#68 Review: Fire Season

Fire Season:

Field Notes

from a Wilderness Lookout


Philip Connors

240 p.

Published in April 2011, by Ecco

This book counts for

My Dewey Decimal Challenge

and for

The 2011 Non-Fiction Challenge


I read this book because of my love for nature and hiking, and also solitary life. I found all this in the book, but much more! I learned a lot about fire management, I have to say I did not know that we were actually letting some fires burn out there, because it’s actually very good for the trees regrowth, just as nature took care by itself for centuries of fires, and tree management.

I enjoyed the author’s beautiful prose as he contemplates and scrutinizes the horizon at the top of his tower, for several months every year, in New Mexico. The job is even tempting, though the thunderstorms seem very very scary.


Days pass in which there is nothing but wind, bending the pines to postures of worship of an unseen god in the east. p.35

I prefer to live, at least part of the year, out here on the edge, where worship of the material recedes and acquaintance with the natural becomes possible. p.73

Up here I’m not a six-foot-tall billboard or a member of a coveted demographic; I’m a human being, and as such I find it restorative to be in the presence of certain mysteries our species once knew in its bones, mysteries ineffable and unmediated. p.74


For nearly a decade, Philip Connors has spent half of each year in a 7’x7′ fire lookout tower, 10,000-feet above the ground in one of the remotest territories of New Mexico. One of the least developed parts of the country, the first region designated as an official wilderness area in the world, the section he tends is also one of the most fire-prone, suffering more than 30,000 lightning strikes each year. Written with gusto, charm, and sense of history, “Fire Season” captures the wonder and grandeur of this most unusual job and place: the eerie pleasure of solitude; the strange dance of communion and mistrust with its animal inhabitants; and the majesty, might, and beauty of untamed fire at its wildest. Connors’ time up on the peak is filled with drama-there are fires large and small; spectacular midnight lightning storms and silent mornings awakening above the clouds; surprise encounters with long-distance hikers, smokejumpers, bobcats, black bears, and an abandoned, dying fawn. Filled with Connors’ heartfelt reflections on our place in the wild, on other writers who have worked as lookouts-Jack Kerouac, Edward Abbey, Norman Maclean, Gary Snyder-and on the ongoing debate over whether fires should be supressed or left to burn, “Fire Season” is a remarkable homage to the beauty of nature, the blessings of solitude, and the freedom of the independent spirit. [Goodreads]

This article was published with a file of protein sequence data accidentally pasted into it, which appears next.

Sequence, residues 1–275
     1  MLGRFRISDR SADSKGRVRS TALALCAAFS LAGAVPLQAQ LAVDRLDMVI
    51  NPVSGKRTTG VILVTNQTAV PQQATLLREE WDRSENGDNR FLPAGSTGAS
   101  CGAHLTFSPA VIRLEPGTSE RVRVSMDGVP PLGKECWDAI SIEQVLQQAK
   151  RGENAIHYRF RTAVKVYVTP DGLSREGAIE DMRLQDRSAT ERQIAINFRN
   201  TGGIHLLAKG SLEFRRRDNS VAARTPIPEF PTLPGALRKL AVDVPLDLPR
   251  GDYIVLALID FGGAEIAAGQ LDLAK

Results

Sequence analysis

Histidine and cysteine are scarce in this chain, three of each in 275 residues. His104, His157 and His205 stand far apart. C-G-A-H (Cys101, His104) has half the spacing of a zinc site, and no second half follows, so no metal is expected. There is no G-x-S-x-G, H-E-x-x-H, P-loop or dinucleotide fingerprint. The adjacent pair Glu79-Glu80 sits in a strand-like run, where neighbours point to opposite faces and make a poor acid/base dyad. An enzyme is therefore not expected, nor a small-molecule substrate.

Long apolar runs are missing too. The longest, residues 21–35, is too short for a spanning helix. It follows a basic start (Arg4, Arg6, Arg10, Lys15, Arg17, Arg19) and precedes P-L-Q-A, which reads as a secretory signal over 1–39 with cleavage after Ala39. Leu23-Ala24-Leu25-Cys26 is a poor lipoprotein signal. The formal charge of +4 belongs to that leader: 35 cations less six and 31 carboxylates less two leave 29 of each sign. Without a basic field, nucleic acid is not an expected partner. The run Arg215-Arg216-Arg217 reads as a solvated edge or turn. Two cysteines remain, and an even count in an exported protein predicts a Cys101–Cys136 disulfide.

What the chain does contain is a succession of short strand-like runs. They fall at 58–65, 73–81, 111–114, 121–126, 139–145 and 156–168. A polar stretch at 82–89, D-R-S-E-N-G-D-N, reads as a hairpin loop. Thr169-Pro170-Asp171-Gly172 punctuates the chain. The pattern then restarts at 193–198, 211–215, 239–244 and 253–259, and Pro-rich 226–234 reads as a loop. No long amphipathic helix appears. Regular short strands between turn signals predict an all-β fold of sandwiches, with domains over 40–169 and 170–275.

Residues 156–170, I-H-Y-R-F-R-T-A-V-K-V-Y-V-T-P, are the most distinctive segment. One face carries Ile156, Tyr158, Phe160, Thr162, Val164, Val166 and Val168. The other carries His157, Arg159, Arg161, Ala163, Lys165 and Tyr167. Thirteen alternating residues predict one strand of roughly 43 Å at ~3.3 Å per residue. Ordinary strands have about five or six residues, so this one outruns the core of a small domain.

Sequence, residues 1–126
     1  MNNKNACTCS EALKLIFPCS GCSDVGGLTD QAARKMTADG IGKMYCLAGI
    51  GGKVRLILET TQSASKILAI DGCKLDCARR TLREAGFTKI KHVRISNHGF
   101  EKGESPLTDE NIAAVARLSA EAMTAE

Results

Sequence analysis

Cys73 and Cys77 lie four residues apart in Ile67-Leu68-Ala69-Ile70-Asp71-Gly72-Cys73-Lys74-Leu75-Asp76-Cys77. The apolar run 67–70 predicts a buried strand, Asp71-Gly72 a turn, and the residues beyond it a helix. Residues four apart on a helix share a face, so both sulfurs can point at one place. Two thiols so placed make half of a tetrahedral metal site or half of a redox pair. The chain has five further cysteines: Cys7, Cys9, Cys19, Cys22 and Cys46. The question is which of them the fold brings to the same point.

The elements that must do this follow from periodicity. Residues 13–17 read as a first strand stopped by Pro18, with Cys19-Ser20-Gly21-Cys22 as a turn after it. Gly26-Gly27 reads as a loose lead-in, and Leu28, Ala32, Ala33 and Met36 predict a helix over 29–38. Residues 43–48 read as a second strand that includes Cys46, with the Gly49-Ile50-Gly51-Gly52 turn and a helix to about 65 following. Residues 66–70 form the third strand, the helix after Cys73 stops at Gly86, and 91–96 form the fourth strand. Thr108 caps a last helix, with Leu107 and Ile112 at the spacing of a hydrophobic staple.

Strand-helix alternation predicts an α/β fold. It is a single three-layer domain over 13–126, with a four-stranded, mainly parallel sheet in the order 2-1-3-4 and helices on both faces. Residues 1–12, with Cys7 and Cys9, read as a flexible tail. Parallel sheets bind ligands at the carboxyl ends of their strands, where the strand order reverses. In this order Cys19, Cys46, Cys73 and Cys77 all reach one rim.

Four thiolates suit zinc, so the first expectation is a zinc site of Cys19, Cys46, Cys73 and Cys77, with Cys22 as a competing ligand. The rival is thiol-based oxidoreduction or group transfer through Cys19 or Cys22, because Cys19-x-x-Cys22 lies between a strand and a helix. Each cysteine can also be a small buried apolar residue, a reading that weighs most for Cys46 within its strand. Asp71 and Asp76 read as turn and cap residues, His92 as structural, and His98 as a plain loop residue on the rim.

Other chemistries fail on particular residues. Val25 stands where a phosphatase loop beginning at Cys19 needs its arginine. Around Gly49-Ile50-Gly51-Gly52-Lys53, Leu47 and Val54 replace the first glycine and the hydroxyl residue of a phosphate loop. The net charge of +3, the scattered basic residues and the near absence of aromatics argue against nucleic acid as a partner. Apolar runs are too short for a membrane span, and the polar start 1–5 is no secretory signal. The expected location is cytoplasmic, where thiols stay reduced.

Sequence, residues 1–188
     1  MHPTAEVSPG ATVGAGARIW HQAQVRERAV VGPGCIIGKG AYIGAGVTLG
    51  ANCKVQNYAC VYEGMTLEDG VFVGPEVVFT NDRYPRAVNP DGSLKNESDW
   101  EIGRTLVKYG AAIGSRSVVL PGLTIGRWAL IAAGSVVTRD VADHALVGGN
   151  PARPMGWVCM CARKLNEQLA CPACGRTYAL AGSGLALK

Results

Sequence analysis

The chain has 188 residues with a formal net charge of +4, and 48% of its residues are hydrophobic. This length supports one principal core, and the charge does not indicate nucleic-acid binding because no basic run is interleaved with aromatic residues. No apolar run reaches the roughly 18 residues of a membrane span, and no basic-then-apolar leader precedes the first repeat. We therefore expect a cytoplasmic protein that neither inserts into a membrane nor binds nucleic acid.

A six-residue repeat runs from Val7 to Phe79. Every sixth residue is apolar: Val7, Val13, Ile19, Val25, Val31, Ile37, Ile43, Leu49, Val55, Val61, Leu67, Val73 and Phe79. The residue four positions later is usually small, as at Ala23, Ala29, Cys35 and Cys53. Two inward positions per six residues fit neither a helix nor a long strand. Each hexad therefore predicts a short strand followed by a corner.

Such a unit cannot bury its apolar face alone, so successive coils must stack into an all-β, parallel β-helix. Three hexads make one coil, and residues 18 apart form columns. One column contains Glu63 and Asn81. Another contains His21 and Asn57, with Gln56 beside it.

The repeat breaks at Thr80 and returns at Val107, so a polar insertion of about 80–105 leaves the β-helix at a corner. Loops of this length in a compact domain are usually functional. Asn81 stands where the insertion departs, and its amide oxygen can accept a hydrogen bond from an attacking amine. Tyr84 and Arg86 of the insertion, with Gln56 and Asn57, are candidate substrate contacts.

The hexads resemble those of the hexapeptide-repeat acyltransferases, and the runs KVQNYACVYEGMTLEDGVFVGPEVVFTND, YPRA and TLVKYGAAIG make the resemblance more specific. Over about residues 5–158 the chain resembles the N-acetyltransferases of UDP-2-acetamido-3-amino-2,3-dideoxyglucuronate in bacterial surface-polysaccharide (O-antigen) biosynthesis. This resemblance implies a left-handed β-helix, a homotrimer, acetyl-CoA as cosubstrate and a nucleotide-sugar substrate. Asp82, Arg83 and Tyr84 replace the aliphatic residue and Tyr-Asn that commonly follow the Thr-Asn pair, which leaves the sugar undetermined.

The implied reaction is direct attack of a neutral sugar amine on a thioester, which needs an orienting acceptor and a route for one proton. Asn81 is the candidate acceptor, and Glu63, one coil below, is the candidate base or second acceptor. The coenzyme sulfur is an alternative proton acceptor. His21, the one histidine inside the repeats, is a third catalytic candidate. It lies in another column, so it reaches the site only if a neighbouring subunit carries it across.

Philip Connors has worked as a baker, a bartender, a house painter, a janitor, and an editor at the Wall Street Journal. His essays have appeared in n+1, Harper’s, the Paris Review, and the Best American Non-required Reading anthology. He lives in New Mexico with his wife and their dog. [Amazon]


“Philip Connors has crafted a book illumined by the gob-smacked, wide-eyed, inquisitional wonder at creation. . . . Fire Season is for pilgrims, pedestrians, hikers and anchorites, city dwellers, and solitary sorts: a treat for the senses, fit for the long haul. Bravo! (Thomas Lynch, author of The Undertaking)

“In an age of relentless connectivity, Philip Connors is a conscientious objector. His adventures in radical solitude make for profoundly absorbing, restorative reading. The soul that learns to keep its own company, this book reminds us, can never be alone.” (WALTER KIRN, author of Up in the Air)

“FIRE SEASON is an urgent, clear, bright book; it is both lyrical enough to arrest breath and absolutely compelling, reminding us why we need fire, solitude, wilderness. Find room on your bookshelf next to Wallace Stegner and Norman Maclean; Philip Connors is here to stay.” (Alexandra Fuller)

“This book captures all that is grand about our western wilderness.” (Vail Daily)

Fire Season is a beautiful narrative, evoking a reverent appreciation for protecting some of nature’s remaining wild places.” (San Francisco Book Review) [Amazon]



7 thoughts on “#68 Review: Fire Season

  1. Pingback: My Dewey Decimal Challenge 2011 « Words And Peace

  2. Pingback: 2011 Non Fiction Challenge « Words And Peace

  3. Pingback: Six degrees of separation: From Three Women to a riddle | Words And Peace

  4. Pingback: Six degrees of separation: from Glasgow to fire | Words And Peace

  5. Pingback: Six degrees of separation: from scandals to pancakes | Words And Peace

What do you think? Share your thoughts, and I will answer you. I will also visit your own blog

Fill in your details below or click an icon to log in:

WordPress.com Logo

You are commenting using your WordPress.com account. Log Out /  Change )

Facebook photo

You are commenting using your Facebook account. Log Out /  Change )

Connecting to %s

This site uses Akismet to reduce spam. Learn how your comment data is processed.